It’ll be fascinating what happens now with these drivers and F1 teams. It wasn’t a desperate or petulant move like we’ve often seen in GP2, and I’d still take a driver who’s raced all year like these guys, over someone like Bottas who hasn’t. But my name’s not Monisha Kaltenborn or Frank Williams.
Frijns’ next challenge will be to try and impress everyone at Sauber. I understand he wins a Red Bull test as well. That could also be in the Abu Dhabi young drivers’ test, so if Gutiérrez is out in the Sauber at the same time, at least Frijns can slow him down…
With da Costa finishing so strongly, it could be a nervous time for Ricciardo and Vergne too, until Toro Rosso confirm their 2013 line-up. Until then, they’ll be making sure they don’t upset Helmut Marko.21st October 2012, 18:07 at 6:07 pm #212976
@bullfrog – I think Ricciardo and Vergne will at least start 2013- no STR driver has been dropped before the start of their second season. However, there is a big risk that the lesser of them could be dropped about midway through 2013 to make way for the next driver on the Red Bull conveyor belt.21st October 2012, 18:52 at 6:52 pm #212977
Apparently, 25s penalty for Frijns, so championship is secured for him.
Dutch presenter Olav Mol tweeted that apparently Bianchi wants to take Frijns to court over the incident. I think he really did put a lot of pressure on himself to take this championship, with his F1 career in mind. Still, seems a bit dramatic, doesn’t it?21st October 2012, 19:26 at 7:26 pm #212978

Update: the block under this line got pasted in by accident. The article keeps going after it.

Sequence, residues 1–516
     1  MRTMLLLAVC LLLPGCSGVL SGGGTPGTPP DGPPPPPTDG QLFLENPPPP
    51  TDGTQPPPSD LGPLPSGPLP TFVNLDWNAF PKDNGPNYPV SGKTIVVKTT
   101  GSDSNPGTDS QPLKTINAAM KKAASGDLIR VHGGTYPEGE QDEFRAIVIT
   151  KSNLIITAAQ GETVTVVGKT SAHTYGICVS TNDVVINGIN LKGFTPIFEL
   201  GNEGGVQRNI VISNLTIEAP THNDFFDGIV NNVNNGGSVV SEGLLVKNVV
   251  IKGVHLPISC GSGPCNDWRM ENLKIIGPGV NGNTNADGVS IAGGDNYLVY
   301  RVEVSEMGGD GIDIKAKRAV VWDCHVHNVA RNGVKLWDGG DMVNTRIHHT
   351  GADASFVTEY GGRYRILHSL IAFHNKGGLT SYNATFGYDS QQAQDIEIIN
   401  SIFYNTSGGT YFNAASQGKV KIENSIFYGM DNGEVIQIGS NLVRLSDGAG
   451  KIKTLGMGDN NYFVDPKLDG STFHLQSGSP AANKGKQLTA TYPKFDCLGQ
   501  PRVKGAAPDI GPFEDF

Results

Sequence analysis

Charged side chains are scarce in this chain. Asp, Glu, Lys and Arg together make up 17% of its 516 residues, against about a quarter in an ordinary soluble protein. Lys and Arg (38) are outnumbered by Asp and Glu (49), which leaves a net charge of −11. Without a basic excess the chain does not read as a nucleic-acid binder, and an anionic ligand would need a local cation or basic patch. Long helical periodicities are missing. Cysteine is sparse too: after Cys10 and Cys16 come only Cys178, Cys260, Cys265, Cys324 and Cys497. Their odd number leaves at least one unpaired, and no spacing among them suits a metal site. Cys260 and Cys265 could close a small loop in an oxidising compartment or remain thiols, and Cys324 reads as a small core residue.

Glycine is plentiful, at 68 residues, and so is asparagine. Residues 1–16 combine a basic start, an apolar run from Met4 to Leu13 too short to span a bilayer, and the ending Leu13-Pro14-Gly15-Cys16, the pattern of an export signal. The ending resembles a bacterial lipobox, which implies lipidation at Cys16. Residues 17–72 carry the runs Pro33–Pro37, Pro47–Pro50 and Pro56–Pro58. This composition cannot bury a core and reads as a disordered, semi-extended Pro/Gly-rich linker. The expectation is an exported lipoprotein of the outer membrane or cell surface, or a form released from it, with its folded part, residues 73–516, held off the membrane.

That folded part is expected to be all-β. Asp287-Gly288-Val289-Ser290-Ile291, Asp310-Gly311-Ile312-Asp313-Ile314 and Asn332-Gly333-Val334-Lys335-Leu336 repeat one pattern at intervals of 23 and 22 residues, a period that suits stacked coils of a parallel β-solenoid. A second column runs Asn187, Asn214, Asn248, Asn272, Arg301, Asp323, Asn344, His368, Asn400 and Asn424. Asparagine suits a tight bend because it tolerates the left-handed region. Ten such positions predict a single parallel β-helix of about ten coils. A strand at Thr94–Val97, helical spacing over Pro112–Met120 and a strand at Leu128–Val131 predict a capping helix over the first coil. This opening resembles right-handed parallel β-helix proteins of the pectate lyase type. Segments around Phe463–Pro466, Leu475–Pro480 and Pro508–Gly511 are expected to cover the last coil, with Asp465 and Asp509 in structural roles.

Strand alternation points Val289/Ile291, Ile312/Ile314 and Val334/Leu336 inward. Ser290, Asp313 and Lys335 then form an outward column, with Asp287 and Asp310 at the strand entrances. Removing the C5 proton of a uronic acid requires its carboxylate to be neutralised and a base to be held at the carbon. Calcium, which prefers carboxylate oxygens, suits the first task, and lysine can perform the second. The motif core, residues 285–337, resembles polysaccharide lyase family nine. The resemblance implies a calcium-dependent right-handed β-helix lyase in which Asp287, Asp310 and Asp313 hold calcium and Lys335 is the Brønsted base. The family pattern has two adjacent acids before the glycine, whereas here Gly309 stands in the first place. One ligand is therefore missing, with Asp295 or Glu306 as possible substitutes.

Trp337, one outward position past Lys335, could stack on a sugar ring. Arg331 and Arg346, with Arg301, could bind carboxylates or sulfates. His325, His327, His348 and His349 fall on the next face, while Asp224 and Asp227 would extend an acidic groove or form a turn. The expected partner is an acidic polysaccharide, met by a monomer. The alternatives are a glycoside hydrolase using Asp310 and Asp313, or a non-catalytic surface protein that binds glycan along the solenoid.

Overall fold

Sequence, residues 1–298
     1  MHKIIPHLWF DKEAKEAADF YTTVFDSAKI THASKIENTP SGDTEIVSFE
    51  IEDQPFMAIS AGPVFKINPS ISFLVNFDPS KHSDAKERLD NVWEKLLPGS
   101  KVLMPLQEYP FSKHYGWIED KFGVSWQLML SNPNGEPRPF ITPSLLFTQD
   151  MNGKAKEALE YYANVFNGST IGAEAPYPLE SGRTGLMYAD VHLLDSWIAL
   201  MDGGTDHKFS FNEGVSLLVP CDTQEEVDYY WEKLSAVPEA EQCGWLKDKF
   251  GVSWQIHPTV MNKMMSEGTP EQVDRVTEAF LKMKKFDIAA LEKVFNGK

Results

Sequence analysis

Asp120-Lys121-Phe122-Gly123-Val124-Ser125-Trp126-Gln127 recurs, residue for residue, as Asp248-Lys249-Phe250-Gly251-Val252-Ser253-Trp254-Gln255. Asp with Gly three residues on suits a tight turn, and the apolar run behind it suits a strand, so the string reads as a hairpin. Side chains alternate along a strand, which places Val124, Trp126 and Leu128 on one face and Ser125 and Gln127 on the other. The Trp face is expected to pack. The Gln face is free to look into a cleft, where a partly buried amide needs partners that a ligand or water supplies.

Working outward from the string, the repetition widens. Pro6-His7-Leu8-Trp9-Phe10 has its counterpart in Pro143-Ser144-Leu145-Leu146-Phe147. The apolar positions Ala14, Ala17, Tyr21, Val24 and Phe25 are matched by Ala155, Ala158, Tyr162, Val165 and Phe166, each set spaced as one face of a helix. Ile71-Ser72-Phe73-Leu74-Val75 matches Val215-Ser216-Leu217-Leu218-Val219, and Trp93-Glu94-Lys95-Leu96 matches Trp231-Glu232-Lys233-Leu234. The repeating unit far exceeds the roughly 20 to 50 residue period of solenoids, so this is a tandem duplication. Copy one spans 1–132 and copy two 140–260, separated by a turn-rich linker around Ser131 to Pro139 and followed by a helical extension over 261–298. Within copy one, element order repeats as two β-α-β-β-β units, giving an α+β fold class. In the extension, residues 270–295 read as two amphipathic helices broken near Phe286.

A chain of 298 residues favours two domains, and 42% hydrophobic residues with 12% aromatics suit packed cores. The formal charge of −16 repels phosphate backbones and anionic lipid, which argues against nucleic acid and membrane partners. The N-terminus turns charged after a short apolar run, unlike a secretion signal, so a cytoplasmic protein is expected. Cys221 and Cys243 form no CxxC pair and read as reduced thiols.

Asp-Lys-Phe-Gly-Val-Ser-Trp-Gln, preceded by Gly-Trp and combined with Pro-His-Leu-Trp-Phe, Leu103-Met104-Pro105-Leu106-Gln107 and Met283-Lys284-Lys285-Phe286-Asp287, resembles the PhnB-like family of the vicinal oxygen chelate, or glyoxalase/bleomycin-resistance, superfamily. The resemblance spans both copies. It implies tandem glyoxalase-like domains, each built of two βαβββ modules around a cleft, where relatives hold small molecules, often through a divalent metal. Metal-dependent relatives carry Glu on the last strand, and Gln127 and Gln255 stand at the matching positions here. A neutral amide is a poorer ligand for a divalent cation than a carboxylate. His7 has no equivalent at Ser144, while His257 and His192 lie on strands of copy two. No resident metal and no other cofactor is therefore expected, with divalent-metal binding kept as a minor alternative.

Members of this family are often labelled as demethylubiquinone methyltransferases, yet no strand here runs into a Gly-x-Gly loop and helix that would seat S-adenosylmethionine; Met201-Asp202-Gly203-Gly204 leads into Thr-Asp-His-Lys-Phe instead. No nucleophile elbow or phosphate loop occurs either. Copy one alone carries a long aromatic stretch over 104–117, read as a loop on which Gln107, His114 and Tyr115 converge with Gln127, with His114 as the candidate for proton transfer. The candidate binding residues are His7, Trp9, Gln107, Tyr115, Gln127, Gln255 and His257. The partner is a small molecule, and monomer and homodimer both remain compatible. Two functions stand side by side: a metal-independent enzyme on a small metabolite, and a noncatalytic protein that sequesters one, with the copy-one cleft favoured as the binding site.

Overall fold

Keith CollantineKeymaster21st October 2012, 19:29 at 7:29 pm #212979
@keithcollantine Yup. Literally translated:
“Jules Bianchi wants to go to court over the shunt from Frijns. Race stewards have given him a 25 second penalty. He is now champion.”21st October 2012, 21:09 at 9:09 pm #212980
I’m kind of finding it hard to stay entertained, since I don’t know anything about the drivers and whatnot. Am I the only one who feels that way?
Absolutely not. I feel the same. There’s just not as much emotion behind a race if you don’t know anything about the drivers.
About Frijns winning the championship the way he did. I don’t care TBH. If anything, I’m happy Robin is the one who won. He has a lot more potential than Bianchi IMO. He’s much younger and already has accomplished more in junior formula.21st October 2012, 21:19 at 9:19 pm #212981
What possible charge could Bianchi take Frijns to court over?
Honestly, that’s only going to hurt Bianchi’s career more than Frijns’. Nobody is going to want a driver who sues the instant something doesn’t go his way. It happened to Andy Soucek (though he took action against a team, not a driver).
The only way this makes any sense to me is if Ferrari promised to place Bianchi at a team like Sauber on the condition that he won the title, but he also knew the team was considering Frijns. Even then, going to court makes him look like a sore loser.
It was a little questionable, but I think Frijns was caught between Bianchi and defending against Magnussen, and made his move too late. It was his fault, but the penalty handed down by the stewards was just.
You must be logged in to reply to this topic.